The two pieces of legislation are unrelated and the tests used to define an agency worker are different from those used to define an employee under IR35. It is therefore possible for a contractor to be an agency worker for the purposes of AWR and not a ‘disguised employee’ for the purposes of IR35.
Marlowe explains: “To be an agency worker, the individual must be under the supervision and direction of the hirer. To be a disguised employee under IR35, there are various tests, one of which is whether the worker is under the control of the hirer, their quasi-employer. ‘Control’ and ‘supervision and direction’ are not the same thing.
“A worker can be under the supervision and direction of a hirer, but it does not automatically follow that the worker is under the hirer’s control. So a limited company contractor could claim equal pay and rights under the provisions of AWR and not be concerned that this places them automatically inside IR35.”
Exclusion from AWR could demonstrate a contractor is ‘in business’
However exclusion from scope under the AWR would help a contractor to demonstrate a commercial relationship which in turn would be supportive for the purposes of IR35.
“Lawspeed sought counsel’s advice on the status of contractors working through personal service companies (PSCs),” continues Marlowe. “The opinion supported our view that a PSC is a business undertaking, and the regulations allow individuals carrying on a business undertaking to be excluded. It is important to note that this does not extend to umbrella companies.”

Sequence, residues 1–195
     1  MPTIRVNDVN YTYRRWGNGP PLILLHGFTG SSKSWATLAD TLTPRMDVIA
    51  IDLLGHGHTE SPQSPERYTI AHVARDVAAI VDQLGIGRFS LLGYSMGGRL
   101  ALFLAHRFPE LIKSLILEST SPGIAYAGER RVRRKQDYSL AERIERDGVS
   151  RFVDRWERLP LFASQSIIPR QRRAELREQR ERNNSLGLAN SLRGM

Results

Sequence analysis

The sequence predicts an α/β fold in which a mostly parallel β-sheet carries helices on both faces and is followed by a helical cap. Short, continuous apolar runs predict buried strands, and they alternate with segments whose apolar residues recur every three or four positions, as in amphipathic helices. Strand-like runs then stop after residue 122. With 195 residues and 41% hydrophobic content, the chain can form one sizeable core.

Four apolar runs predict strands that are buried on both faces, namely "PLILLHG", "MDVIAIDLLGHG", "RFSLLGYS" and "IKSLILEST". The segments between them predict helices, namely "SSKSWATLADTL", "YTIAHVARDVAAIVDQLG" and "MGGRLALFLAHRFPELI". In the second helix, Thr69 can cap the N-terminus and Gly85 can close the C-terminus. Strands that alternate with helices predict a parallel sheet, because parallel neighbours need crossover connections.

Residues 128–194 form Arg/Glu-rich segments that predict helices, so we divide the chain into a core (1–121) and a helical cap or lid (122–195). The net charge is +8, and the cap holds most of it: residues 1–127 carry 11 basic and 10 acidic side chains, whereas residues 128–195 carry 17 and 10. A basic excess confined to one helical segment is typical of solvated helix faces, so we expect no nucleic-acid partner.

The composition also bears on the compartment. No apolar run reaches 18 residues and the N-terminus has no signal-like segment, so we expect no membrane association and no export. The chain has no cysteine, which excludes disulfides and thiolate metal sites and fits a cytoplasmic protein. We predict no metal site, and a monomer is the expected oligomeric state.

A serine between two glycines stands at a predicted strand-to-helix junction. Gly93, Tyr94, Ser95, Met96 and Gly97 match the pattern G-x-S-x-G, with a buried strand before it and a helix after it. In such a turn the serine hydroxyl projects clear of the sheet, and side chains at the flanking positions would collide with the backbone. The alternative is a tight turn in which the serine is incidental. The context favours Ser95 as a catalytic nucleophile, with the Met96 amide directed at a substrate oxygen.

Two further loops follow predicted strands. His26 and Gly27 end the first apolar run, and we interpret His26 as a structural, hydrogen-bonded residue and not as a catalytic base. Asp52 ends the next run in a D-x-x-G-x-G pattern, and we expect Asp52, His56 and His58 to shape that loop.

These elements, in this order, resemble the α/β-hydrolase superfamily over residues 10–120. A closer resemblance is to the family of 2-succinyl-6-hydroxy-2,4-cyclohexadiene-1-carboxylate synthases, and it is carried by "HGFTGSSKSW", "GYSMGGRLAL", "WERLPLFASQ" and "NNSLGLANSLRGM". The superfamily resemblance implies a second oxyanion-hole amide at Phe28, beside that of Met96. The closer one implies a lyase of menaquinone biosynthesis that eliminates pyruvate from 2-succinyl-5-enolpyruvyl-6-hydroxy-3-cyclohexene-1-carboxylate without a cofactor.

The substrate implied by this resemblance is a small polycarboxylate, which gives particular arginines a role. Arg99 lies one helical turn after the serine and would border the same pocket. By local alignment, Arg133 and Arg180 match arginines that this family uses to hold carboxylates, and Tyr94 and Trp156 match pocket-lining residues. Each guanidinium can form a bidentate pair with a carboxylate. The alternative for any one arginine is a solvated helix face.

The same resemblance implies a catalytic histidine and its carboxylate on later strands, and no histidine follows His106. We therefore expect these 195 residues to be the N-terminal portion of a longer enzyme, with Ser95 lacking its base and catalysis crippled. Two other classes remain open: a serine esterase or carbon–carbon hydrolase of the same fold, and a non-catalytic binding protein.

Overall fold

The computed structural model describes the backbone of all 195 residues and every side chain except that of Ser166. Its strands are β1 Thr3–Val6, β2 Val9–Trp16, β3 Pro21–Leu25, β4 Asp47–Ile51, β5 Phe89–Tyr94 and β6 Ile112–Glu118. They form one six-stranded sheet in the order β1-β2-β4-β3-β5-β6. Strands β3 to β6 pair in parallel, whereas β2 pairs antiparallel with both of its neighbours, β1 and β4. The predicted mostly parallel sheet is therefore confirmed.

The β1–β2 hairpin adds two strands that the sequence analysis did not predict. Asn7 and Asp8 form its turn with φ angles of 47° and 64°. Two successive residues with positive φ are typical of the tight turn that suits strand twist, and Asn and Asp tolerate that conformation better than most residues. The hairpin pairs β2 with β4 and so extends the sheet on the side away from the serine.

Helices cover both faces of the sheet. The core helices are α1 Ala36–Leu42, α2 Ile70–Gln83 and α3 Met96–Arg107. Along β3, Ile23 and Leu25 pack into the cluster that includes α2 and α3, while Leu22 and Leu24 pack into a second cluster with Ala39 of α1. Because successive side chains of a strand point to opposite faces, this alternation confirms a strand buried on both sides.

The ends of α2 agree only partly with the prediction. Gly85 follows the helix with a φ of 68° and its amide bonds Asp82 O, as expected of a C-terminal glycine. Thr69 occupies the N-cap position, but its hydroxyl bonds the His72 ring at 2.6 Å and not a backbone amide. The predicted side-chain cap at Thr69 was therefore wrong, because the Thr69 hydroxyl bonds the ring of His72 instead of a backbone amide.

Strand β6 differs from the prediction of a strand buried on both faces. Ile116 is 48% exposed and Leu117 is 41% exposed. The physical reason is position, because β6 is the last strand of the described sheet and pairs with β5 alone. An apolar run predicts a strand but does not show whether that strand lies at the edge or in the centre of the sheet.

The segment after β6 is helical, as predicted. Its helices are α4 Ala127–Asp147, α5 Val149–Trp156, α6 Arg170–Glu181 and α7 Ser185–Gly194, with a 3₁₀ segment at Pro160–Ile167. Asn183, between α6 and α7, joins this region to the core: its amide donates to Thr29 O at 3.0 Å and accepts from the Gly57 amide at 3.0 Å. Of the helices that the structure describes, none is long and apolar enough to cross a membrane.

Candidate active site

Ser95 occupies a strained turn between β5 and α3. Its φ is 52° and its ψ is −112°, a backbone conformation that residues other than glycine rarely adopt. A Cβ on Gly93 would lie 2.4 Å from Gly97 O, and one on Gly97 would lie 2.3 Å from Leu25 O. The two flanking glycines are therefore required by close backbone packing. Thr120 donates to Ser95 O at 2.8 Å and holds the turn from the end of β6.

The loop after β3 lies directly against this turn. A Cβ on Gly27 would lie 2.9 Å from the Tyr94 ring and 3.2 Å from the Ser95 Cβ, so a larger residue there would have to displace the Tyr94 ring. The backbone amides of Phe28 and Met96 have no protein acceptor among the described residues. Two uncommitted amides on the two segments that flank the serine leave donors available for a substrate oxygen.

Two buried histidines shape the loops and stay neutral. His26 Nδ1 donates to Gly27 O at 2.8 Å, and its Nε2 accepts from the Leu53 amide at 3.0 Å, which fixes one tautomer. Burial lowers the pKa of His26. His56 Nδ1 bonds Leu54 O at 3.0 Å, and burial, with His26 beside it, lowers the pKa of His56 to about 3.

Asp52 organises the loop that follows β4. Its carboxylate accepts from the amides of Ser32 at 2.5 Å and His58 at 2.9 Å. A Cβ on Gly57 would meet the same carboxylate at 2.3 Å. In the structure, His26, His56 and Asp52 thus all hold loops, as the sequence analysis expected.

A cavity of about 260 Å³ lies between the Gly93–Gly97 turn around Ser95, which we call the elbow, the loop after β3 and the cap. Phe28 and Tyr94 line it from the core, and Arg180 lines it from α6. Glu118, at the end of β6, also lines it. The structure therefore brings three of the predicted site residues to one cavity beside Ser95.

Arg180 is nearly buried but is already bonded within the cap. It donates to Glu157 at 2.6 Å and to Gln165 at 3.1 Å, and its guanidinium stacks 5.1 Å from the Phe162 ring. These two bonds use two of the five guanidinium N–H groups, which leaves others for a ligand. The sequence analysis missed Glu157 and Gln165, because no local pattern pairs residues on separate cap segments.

Marlowe confirms that the opposite could also be true; a PSC contractor could be inside IR35 and not be in the scope of AWR. However, he says care should be taken over interpreting the regulations, as they will only be properly tested in the courts in the months and years after they come into force on 1 October 2011.
A worker can be under the supervision and direction of a hirer, but it does not automatically follow that the worker is under the hirer's control
Adrian Marlowe, Lawpeed
BIS guidance adapted to meet industry concerns
Feedback from the Association of Recruitment Consultancies (ARC), of which Marlowe is also chairman, and the industry led to BIS removing the link between IR35 employment status tests and AWR agency worker tests, explains Marlowe.
“After the draft guidance was published in April 2011, ARC worked with BIS and hosted an event at the BIS conference centre, which we believe to be the first of its kind. Hirers, recruiters and other organisations, including contractors, were invited to provide feedback on the draft guidance directly to the civil servants actually managing the process.”
Marlowe says: “It was following feedback from ARC and other delegates at the event that plans to include IR35 in the guidance were dropped by BIS officials. This was a welcome move as it avoids the potential misleading impression that could have been given had inclusion of IR35 tests been retained. Hopefully the picture is now much clearer. ”